Leadership. From day one you'll start running our own small team, you and a few nurses and as you progress you'll have to lead other junior vets and all the nurses kennel hands.
A good memory and be able to quickly come with treatment plans. You'll need to memorize many drugs, conditions and treatment options
Problem solving so you can reach a diagnosis
The ability to work fast and accurately with your hands, from surgery to taking bloods placing ivs and giving drugs this is what vets have to do every hour of every day.
Nija Jackson, LMSW
Please refer to the information below for skills that you need to become a Veterinarian from the website:
Skills Needed to Become a Veterinarian
Veterinarians need to have a variety of skills to offer the best care possible to their patients and clients, including:
- Attention to detail: Veterinarians need to be methodical and analytical. They must be able to interpret data and think logically to diagnose illness and injury.
- Compassion: Veterinarians deal with people who may be distraught about a beloved pet's death or illness. They must be able to empathize with an animal's suffering and show care and compassion.
- Physical strength and stamina:Veterinarians need to lift and move animals during examinations and surgeries and stand for long hours.
- Technical and scientific aptitude:Veterinarians use technical machinery and have to interpret information from X-rays, reports and blood tests.
- Excellent communication skills:Veterinarians have to be able to describe sometimes complicated information to members of the public when they may be emotionally upset. They have to clearly explain home care instructions for medicine doses and follow up care in a way that pet owners will understand. They need to write detailed notes and often give their expert opinions in presentations, speeches and reports.
I hope this information helps you discover your passion to become Veterinarian.
Having had dogs for 40 years, I totally respect veterinarians. I might joke about it, but, they usually ask 4 questions: is he -eating, drinking, peeing, pooping? and everything starts from there. As a person, we see many different types of doctors - general practitioner, dermatology, orthopedic, pediatric, urology, cardiology, etc. A veterinarian must be well-versed in all of this!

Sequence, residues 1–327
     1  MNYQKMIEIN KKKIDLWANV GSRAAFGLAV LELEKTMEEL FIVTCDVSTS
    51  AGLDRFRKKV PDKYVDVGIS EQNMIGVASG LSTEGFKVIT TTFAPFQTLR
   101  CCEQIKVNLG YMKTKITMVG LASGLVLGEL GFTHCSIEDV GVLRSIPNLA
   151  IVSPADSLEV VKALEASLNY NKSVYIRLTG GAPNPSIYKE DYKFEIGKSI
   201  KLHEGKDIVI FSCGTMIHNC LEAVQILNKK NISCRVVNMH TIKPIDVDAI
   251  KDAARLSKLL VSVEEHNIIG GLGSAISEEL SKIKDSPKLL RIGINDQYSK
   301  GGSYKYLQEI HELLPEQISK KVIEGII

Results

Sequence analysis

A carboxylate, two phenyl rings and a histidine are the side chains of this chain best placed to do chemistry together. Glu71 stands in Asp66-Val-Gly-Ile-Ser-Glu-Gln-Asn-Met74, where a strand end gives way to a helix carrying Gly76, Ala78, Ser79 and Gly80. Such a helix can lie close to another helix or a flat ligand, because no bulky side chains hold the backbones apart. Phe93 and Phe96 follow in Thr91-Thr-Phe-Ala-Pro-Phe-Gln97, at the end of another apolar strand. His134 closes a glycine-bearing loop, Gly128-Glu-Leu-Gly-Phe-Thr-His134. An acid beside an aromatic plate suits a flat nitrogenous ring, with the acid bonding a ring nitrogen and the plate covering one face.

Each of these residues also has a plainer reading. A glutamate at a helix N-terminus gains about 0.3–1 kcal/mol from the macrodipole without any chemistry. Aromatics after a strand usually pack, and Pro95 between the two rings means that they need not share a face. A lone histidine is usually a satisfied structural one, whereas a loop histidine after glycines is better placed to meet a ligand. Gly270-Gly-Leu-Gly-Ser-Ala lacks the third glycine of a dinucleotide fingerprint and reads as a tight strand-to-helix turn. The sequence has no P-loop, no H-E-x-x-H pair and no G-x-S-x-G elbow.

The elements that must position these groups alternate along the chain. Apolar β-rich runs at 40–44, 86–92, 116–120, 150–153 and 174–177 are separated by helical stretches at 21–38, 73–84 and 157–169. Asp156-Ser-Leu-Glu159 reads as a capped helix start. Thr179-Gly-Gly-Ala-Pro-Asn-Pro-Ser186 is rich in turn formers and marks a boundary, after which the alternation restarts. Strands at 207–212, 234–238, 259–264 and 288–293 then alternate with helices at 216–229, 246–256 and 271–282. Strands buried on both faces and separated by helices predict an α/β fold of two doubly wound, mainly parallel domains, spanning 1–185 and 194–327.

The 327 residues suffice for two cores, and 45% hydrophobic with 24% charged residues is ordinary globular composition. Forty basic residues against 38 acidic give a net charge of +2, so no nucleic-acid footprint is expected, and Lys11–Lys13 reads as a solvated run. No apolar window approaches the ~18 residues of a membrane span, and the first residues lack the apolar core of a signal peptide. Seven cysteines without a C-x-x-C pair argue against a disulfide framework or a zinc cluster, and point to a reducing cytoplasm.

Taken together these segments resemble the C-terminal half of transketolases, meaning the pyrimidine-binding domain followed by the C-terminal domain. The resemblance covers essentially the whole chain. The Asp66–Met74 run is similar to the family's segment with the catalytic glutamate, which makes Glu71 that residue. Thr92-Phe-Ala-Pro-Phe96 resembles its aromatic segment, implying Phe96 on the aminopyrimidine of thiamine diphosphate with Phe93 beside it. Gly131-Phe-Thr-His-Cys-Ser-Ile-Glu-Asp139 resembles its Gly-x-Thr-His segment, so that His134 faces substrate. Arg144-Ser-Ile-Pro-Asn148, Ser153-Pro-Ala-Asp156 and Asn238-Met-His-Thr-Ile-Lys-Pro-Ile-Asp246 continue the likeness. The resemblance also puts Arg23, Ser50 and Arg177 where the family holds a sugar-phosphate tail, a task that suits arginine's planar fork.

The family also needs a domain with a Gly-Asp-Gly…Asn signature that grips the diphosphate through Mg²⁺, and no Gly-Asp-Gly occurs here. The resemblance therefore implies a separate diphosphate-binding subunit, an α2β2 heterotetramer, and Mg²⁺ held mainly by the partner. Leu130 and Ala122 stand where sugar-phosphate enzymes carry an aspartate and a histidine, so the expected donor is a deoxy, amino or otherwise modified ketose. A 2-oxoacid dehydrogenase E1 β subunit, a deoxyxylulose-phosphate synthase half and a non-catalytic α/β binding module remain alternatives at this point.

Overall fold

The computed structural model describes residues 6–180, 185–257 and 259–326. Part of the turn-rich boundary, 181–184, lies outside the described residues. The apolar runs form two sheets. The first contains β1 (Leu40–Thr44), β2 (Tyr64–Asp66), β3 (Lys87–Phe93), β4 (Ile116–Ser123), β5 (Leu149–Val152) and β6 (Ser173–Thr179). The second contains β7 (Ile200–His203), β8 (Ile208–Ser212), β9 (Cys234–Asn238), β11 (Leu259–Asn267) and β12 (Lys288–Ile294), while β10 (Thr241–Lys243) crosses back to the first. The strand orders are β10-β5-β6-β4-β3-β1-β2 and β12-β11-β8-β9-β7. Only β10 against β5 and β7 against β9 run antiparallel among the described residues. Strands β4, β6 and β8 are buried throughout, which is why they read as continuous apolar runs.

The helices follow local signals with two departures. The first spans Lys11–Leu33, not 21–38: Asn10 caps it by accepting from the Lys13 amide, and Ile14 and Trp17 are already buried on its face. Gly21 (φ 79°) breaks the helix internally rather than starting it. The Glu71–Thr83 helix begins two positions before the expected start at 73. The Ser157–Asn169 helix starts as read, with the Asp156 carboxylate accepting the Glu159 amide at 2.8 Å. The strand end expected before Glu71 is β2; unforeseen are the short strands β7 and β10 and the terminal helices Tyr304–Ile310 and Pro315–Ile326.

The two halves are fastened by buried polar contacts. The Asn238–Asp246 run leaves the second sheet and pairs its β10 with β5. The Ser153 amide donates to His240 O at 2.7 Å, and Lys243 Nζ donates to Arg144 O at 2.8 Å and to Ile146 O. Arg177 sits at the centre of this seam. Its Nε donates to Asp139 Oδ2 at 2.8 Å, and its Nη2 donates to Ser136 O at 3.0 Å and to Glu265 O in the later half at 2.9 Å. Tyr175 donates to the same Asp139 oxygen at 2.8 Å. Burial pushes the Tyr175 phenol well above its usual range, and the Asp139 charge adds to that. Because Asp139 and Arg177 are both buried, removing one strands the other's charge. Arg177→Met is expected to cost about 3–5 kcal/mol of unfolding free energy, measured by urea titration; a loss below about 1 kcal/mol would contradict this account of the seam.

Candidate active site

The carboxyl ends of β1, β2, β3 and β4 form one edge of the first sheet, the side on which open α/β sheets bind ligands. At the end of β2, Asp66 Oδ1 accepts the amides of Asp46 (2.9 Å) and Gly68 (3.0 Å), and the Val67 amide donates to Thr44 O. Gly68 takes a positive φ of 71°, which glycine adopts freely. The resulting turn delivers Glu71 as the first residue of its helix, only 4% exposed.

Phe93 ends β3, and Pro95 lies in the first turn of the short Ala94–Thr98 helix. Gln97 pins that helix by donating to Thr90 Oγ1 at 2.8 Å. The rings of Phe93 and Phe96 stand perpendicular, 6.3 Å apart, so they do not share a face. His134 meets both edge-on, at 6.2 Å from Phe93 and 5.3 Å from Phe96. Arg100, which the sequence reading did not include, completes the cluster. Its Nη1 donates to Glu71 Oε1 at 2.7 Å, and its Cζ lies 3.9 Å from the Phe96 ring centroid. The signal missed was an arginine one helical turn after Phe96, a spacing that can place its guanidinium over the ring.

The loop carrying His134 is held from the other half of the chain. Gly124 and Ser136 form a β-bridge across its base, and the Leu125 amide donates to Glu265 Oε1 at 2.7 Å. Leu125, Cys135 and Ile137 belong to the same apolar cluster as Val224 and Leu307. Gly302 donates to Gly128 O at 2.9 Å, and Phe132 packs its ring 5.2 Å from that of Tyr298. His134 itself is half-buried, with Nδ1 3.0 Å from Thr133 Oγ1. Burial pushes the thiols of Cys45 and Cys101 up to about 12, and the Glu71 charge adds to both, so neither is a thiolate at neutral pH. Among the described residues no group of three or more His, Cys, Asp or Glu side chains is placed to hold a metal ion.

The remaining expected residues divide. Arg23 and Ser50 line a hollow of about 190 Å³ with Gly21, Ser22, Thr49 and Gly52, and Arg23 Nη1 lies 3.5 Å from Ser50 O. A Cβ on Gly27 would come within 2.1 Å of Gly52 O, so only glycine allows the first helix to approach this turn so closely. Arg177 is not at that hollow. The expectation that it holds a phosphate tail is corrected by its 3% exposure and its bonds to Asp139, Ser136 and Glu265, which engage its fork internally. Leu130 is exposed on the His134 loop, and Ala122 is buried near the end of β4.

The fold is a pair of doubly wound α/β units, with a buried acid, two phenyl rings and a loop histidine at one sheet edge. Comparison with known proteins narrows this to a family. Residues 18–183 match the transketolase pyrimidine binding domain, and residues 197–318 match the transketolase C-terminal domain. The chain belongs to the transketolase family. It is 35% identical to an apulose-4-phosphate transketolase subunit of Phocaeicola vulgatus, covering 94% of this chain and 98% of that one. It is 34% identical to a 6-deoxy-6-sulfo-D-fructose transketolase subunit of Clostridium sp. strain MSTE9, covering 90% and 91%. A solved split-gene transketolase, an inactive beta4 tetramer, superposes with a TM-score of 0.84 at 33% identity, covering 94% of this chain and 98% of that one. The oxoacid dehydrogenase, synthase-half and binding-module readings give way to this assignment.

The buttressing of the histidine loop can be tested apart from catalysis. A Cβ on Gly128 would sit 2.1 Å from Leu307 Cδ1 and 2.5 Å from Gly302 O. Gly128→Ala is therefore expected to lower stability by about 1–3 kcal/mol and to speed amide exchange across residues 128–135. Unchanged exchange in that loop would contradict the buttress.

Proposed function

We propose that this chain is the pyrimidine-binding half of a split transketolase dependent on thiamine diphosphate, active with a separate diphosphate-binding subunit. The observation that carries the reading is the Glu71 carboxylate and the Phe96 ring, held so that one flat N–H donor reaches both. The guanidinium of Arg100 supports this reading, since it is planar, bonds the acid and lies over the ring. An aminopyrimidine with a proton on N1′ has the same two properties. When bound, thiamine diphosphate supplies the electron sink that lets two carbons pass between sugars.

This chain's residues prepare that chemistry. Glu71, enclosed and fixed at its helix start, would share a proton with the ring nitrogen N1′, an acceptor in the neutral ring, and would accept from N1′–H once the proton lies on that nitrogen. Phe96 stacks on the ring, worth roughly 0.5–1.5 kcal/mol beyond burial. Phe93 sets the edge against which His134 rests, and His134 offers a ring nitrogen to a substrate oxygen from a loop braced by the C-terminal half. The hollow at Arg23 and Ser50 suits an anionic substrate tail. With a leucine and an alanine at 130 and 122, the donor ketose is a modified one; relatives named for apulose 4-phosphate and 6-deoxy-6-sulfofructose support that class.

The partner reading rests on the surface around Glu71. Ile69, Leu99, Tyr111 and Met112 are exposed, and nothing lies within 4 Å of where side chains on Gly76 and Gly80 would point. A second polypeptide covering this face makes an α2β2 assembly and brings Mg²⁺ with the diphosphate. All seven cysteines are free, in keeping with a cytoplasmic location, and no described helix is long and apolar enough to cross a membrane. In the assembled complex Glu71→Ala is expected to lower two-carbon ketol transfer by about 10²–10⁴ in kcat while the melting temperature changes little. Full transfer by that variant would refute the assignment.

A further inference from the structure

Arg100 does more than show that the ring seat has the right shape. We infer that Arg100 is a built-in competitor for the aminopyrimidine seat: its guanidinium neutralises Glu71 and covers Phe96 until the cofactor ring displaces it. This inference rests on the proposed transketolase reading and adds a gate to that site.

Skills? I will put customer service at the top of the list! You have to be able to connect with your human client the same degree as you do with the animal one. Take the time to help them make decisions. You will encounter many people who choose to put their animal "down" for economic reasons. It is very sad. You have to be able to deal with that in a non-judgmental way. Vet care is really expensive, and people need to get pet insurance! Major illnesses/injuries can easily cost $5000 or more.
You need to be able to get on the floor with an animal, and lift it up off the floor. Strength and flexibility!
If you want to be a solo practitioner, you will need to know how to run a business. Hiring, training, regulatory compliance, record keeping, billing, ordering supplies, etc. A good office manager will probably be a must!
Technological skills. it keeps evolving, you need to keep up with it.
A calm hand if you perform surgeries.
Depending on what you do, it might involve going to conferences, travel, networking, etc. Or, you could be in research, and never have to deal with human customers! Or go into sales, and visit all the vets with the latest medicines and diagnostic tools available!
In spite of what I said above, some vets do in fact specialize, and I have had two dogs who had specialty services. One had spleen cancer. The treatment was great!
If you want to be a vet, I encourage you to start doing anything you can to be around animals as much as possible- perhaps volunteering at a shelter. Also, although Chicago is a long way from Texas, check out our vet program at TAMU - Texas A&M University!!